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Other Considerations

Application Services

Developers must apply application responsibilities to all application development efforts. Implementing these activities consistently using a design that is extensible will facilitate reuse and minimize side effects when requirements change. Moreover, standardizing these services across all applications can yield efficiencies in determining and communicating new development and maintenance activities.

Obvious application responsibilities include error handling, status tracing, application start-up and shutdown, accessing externalized properties, and applying interface preferences. A design must allow developers to consistently apply error handling across all applications and also support the ability to install and to change these behaviors on an application basis. For example, application status is sometimes reported to a console, but what happens if the application is server based and a console does not exist? The design should allow tracing to be routed to a flat file or maybe to the console. For a discussion of design and implementation issues for application service layers, see Appendix B.

Test Scripts

The primary design intent of a layered architecture is decoupling a problem-space domain model from presentation and data source requirements. Reuse of the domain, at least across application boundaries, can be achieved if isolation is accomplished.

Creating test scripts that exercise domain model behavior helps to verify domain isolation and also to

  • Verify domain functionality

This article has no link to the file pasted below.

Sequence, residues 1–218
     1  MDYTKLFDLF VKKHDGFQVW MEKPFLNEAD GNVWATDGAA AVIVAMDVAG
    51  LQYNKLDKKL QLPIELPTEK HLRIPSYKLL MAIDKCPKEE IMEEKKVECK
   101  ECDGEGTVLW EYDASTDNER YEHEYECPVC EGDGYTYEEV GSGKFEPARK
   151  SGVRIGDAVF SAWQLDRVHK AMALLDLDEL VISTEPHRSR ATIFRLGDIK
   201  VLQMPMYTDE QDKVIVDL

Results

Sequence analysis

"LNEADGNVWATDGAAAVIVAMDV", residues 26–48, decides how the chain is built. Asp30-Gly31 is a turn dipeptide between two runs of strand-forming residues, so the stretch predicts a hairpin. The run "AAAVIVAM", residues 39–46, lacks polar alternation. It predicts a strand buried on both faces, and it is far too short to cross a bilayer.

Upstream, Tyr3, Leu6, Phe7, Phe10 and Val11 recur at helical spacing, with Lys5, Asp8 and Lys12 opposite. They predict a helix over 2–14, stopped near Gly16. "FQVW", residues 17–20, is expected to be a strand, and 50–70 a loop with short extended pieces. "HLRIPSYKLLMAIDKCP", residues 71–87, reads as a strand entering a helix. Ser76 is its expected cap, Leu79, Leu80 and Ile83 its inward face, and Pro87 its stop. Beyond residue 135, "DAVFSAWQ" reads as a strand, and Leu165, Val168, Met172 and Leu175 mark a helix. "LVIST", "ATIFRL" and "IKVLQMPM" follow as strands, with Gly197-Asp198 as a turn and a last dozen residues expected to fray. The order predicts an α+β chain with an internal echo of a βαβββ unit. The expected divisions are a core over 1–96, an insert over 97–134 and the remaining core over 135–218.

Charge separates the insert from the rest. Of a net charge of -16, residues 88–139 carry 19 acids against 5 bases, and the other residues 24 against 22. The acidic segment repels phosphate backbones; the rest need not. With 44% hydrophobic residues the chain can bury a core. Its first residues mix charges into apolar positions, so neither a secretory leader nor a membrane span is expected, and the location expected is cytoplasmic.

• Support white box[2]–oriented regression testing

  • Document usage intent through implementation examples

  • Provide project plan milestones for domain implementation

  • Provide a convenient place to apply performance timings

Test scripts should be created to exercise retrieval and output of individual top-level domain classes. Because all domain objects will inherit persistent operations, these types of test scripts can be created without physical data sources. An example test script that retrieves and outputs project objects and displays their state to the console is given in Listing 3.1.

Listing 3.1 An example of a test script.

import com.wsbook.casestudy.domain.*;
import java.util.*;
public class RetrieveAndDisplayEmployees {
/**
 * Retrieve and display Employees 
 * @param args an array of command-line arguments
 */
public static void main(java.lang.String[] args) {
// Retrieve Employees
Vector employees = new Employee().retrieveAllObjects();
// Enumerate over Employees
Enumeration elements = employees.elements();
	while (elements.hasMoreElements()) {
	Employee anEmployee = (Employee) elements.nextElement();
	// Display anEmployee...
	System.out.println(anEmployee);
	}
}
}

No hard-and-fast rules dictate what type of test scripts to create. Test scripts can also be created to exercise and verify, create, read, and update requirements or to implement operations to satisfy a use case that came out of the design process. A domain design that performs an interesting operation can also be captured in a use case. Each test script should be defined using a descriptive class name, regardless of length. For example, some of the test script class names defined for this book's case study on time sheets are

  • CreateAndSaveTimeSheet

  • DisplayTimeSheets

  • DisplayPendingTimeSheets

  • ApplyPendingTimeSheet

Creating test scripts is a simple notion and exercise that if incorporated in the development process can result in many benefits during and throughout an application's life cycle.

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